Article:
Like all brothers Reuben and Isaac have their small fall outs. When asked what the most annoying thing about his brother was, Reuben was quick to say: “He fights with me”, and Isaac was just as quick to reply with “He fights with me too”. But when asked about their favourite thing they do together the boys really lit up and were quick to reel off a collective list of “Football, rugby, tennis, basketball, canoeing, paddle boarding – lots of sports. We like baking in the house together – we like chocolate brownies, biscuits, and cookies. Mummy is better than daddy at cooking, but rugby is daddy’s favourite sport.”

For parents, Natalie, and Oliver they couldn’t agree more. “The best thing about having the two boys is the way they play together and the way they entertain each other, and just the fun that they have. The way they make us laugh. It’s great.” said Oliver.

Natalie agreed saying: “They’re best friends, they really are. Don’t get us wrong they fight like cat and dog at times like all brothers, but they’ve always got each other’s back and they get a lot of confidence from each other as well.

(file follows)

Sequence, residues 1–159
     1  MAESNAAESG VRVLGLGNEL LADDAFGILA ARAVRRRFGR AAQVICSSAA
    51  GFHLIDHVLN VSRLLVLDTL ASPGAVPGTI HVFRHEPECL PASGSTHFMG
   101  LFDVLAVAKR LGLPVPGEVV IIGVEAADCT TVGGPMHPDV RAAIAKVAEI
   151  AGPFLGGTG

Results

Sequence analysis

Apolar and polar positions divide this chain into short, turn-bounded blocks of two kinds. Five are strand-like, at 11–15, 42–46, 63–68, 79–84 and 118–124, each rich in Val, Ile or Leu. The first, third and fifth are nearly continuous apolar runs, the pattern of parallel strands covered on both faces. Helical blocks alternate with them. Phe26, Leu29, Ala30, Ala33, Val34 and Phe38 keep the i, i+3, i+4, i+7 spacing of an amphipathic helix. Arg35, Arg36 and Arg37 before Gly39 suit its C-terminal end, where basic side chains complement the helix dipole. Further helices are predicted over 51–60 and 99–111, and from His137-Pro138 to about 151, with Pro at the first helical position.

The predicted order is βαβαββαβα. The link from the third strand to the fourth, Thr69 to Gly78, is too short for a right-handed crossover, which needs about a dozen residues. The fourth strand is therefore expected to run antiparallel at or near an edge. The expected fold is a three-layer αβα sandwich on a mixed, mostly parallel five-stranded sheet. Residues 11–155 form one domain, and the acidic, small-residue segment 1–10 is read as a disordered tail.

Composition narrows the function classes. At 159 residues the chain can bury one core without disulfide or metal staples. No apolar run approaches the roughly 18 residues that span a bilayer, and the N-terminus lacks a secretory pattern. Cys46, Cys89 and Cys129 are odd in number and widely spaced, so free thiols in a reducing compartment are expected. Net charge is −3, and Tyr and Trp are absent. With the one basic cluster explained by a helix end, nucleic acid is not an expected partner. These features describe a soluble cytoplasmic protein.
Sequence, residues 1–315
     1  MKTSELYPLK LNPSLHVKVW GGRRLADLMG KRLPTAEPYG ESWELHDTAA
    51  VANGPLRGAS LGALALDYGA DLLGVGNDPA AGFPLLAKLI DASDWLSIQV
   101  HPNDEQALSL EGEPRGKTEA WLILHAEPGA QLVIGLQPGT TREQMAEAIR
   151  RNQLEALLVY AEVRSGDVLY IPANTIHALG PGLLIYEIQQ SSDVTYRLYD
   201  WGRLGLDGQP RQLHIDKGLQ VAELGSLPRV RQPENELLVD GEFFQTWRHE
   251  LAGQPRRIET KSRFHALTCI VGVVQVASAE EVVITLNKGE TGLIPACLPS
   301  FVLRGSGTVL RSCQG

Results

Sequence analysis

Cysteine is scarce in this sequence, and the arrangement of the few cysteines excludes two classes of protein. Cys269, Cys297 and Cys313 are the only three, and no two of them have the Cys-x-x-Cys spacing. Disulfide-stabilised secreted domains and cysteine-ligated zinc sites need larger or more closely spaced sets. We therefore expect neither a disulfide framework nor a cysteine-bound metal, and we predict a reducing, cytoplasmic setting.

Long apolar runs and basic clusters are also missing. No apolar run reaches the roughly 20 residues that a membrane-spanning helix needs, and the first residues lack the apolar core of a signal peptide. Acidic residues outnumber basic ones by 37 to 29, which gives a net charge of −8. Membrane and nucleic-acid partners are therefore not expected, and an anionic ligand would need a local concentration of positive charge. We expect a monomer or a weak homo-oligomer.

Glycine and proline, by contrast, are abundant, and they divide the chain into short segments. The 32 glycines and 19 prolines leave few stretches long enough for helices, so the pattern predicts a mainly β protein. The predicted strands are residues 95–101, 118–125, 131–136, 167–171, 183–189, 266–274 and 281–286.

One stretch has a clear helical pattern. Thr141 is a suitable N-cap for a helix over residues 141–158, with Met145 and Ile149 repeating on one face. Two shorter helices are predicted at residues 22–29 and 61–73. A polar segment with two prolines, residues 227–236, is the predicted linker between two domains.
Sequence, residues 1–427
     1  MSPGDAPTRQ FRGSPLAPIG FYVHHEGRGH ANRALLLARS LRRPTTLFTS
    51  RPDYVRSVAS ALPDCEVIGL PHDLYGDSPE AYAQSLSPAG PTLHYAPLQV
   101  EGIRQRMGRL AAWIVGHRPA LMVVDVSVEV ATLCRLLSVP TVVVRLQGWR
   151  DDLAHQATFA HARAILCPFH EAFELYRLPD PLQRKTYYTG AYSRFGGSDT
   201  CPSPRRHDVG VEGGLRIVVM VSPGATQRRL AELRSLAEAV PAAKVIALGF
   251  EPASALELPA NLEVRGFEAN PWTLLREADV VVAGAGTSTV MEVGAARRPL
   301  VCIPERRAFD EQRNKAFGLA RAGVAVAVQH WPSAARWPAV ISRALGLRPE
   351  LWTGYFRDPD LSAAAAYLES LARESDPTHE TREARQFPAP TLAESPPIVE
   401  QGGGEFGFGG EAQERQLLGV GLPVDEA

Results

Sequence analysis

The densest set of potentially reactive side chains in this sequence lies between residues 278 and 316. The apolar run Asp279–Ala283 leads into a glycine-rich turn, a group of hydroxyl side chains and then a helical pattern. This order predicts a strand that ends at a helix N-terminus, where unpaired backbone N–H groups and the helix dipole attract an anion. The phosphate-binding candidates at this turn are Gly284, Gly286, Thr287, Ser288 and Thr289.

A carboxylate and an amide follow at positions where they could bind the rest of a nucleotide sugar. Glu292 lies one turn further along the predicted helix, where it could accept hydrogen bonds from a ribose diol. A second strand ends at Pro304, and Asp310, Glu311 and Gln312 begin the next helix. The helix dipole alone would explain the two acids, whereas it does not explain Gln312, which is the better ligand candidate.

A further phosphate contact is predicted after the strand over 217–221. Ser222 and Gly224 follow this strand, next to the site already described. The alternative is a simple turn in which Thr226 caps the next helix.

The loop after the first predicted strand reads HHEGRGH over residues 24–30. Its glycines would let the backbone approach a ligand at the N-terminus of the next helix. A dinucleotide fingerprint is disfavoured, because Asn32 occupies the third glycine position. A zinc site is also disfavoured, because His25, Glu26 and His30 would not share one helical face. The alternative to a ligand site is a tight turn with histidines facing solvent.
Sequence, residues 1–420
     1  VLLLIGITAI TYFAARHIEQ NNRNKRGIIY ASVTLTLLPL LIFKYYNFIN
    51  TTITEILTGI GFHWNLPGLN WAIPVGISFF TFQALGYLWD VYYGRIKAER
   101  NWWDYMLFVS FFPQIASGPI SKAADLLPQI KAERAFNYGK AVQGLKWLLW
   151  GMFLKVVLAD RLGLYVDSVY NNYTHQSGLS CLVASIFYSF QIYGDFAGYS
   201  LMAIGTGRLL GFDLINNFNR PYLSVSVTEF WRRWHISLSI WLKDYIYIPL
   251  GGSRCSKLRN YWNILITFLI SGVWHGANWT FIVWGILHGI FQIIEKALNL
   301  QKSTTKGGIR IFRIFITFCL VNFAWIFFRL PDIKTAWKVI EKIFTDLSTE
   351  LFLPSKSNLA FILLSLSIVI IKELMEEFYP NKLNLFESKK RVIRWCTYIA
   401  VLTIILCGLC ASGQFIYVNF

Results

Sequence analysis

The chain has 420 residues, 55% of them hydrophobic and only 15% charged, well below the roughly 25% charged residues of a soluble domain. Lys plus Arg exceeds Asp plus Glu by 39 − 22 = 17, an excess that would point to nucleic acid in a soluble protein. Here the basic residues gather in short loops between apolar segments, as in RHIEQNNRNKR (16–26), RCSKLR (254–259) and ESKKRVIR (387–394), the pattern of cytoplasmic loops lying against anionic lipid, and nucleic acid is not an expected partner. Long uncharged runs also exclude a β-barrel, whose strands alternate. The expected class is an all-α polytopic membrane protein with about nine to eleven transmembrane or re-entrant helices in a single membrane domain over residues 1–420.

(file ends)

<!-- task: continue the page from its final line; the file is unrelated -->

Even the boys agree, with Isaac said: “I like having a brother because I like playing games and sport with him. I love my family.”

Echoing his brother Reuben added: “I love my family because they play with me and because I love my mummy and daddy, and I love Isaac.”

“We’re very fortunate in that we know a lot of adopted children, so for them it’s completely normal. But if we did live somewhere where there wasn’t a cohort of people who understood, it would have been even more important for them to have each other.” added Natalie.

The benefits of two children

Many of our adopters agree that moving children into a new home together can help them settle quicker – with many attributing this to the fact they have a familiar face throughout. Natalie felt this to be true for her boys, saying, “They settled in very quickly. With retrospect it took a little longer for one of the boys, but the other settled in immediately.  We didn’t realise it at the time because they slept 12 hours the night we brought them home, but a lot of that was probably down to the fact that they were together. They had always slept next to each other in cots and even though one-year olds don’t interact very much, they are taking comfort from having the presence next to them.  I really hope their closeness lasts.”